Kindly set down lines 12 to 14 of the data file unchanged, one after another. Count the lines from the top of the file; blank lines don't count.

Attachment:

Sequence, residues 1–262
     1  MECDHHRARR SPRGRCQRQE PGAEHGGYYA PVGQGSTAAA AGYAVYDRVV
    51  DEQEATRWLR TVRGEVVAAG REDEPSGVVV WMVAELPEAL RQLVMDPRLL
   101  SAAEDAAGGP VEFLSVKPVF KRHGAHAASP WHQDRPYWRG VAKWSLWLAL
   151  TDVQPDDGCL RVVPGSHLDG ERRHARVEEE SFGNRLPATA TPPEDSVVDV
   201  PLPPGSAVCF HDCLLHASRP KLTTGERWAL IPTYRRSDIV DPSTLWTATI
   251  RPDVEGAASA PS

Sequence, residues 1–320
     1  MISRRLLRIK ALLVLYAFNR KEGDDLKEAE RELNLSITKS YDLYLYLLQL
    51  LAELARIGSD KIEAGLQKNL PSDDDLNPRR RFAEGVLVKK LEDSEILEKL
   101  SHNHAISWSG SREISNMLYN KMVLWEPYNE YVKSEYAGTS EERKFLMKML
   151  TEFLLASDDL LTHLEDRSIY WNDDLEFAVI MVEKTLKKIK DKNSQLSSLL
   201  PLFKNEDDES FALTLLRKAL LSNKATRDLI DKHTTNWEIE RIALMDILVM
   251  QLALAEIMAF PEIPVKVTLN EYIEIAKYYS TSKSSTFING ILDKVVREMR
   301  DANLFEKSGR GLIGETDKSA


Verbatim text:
   151  TEFLLASDDL LTHLEDRSIY WNDDLEFAVI MVEKTLKKIK DKNSQLSSLL
   201  PLFKNEDDES FALTLLRKAL LSNKATRDLI DKHTTNWEIE RIALMDILVM
   251  QLALAEIMAF PEIPVKVTLN EYIEIAKYYS TSKSSTFING ILDKVVREMR